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Up Must Knows

What To Do Before Your Child Is Missing
What To Do When Your Child Is Missing

What To Do Before Your Child Is Missing

Keep a good recent picture and description of your child. You may think, "Why would I need a description of my own child?" First off, dealing with a missing child does not lend itself to clear thinking. Secondly, even trained professionals have a hard time estimating height and weight of a subject. Don’t think so? Try this, you and your mate each write down a description of your child. Compare what the two of you have written, and then compare it to your child. You may be surprised at the results. A recent photo that really looks like the child is very important. If you have access to a scanner, it is a good idea to have a scanned image of the picture. I like having it in a GIF file format. More on that later.
It is also a good idea to have a photo and personal ID information with you at all times. If a child vanishes while you at a mall or some other place it helps to have the information right from the start. The first couple of hours is so important in the disappearance of a child. So keep a copy in your purse or the glove compartment of your auto.

Keep an up to date list of your child’s friends and their phone numbers. You might think you know all of your child’s friends, but this is probably not true, especially if you are dealing with an older child. It might also be a good idea to have two copies of this list. The child we were recently searching for took the list that the family kept near the phone with her when she ran away.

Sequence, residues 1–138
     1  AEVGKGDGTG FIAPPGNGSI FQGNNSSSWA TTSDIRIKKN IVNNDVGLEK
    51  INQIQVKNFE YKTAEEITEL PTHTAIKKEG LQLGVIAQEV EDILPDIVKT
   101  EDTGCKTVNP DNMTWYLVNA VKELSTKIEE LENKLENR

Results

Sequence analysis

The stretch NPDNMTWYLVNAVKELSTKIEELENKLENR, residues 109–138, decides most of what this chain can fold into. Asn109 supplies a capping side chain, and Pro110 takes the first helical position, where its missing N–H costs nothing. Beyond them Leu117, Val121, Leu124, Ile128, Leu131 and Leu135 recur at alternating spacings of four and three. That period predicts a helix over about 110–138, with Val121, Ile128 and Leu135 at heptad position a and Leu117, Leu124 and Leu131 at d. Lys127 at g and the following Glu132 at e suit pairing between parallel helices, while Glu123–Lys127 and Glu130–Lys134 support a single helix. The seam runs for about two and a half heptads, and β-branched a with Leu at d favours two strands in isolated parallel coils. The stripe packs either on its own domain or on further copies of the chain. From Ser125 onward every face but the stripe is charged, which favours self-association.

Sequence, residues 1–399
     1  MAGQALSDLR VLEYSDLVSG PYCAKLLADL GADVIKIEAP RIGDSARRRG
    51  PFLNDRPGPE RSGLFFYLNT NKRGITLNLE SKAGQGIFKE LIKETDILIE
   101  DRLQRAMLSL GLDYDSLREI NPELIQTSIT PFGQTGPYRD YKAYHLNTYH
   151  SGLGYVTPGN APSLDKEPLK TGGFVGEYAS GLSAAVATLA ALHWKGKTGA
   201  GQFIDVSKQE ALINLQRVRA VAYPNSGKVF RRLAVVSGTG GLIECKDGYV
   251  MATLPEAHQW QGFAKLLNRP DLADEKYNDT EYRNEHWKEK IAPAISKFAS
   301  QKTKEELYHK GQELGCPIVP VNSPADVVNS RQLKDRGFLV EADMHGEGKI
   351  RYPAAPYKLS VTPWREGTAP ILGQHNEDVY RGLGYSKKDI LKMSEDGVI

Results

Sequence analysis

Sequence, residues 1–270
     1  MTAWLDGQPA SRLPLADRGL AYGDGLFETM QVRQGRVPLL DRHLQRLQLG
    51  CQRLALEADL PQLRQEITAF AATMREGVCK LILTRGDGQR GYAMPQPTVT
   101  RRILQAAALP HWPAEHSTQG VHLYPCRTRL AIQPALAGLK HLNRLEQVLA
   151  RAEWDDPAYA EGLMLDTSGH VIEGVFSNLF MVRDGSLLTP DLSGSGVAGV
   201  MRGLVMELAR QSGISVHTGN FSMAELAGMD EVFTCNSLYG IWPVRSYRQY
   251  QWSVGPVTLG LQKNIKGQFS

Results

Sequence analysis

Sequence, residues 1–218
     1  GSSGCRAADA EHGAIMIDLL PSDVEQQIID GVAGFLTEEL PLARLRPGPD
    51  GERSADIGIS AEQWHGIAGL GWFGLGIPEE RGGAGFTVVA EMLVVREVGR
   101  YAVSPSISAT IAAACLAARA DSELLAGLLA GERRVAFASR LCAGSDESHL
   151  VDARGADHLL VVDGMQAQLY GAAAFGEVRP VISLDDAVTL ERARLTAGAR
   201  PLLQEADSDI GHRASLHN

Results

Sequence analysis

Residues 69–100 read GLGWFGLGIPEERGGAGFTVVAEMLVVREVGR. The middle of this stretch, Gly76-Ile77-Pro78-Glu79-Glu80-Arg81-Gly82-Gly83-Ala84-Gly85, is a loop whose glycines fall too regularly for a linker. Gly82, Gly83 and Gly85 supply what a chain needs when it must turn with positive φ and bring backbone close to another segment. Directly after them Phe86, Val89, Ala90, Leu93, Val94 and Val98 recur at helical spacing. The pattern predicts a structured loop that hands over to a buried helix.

Get to know your child’s friends and their parents. These days just because you know the child’s last name doesn’t necessarily mean you know their parents. Some families have several different last names involved. If your child disappears, you may find yourself wasting valuable time tracking down their friends that you thought you knew.

A list of any important medical conditions and/or necessary medicines. This can also help with the filing status of a missing child alert. Is your child depressed or angry over something? You will need to be honest with officials when you are filing a report.
Make sure that your children know how to call you collect. We have just closed a case that when the children were returned they stated that they could have called a couple of times but weren't sure how to call collect. It would also be a good idea to have them also know how to call a back up number such as a Grand Parent or a trusted family friend.
When on vacation have a CHECK IN number back home. (Make sure everyone knows how to use it to call in case one of you become separated.
It is a good idea to contact your children's school and request that if your child ever fails to show up for school you wish to be called and even giving them an extra number to call in case they are unable to reach you. Most schools do this anyway but some times they wait for a couple of cases before calling. Let them know that you want to be notified ASAP if you child is absent from his/her first case. Then if your child is ill or going to miss school for some reason, REMEMBER to let the school know before his/her first case of the day.
Know and check all the adults that are in an authority role with your children. From teachers, couches, Daycare Providers.
Talk to your children, let them know that you want to know what goes on with people they have contact with. If a child knows that they can talk to a parent about anything, this is your best line of defense in protecting your child.


What To Do When Your Child Is Missing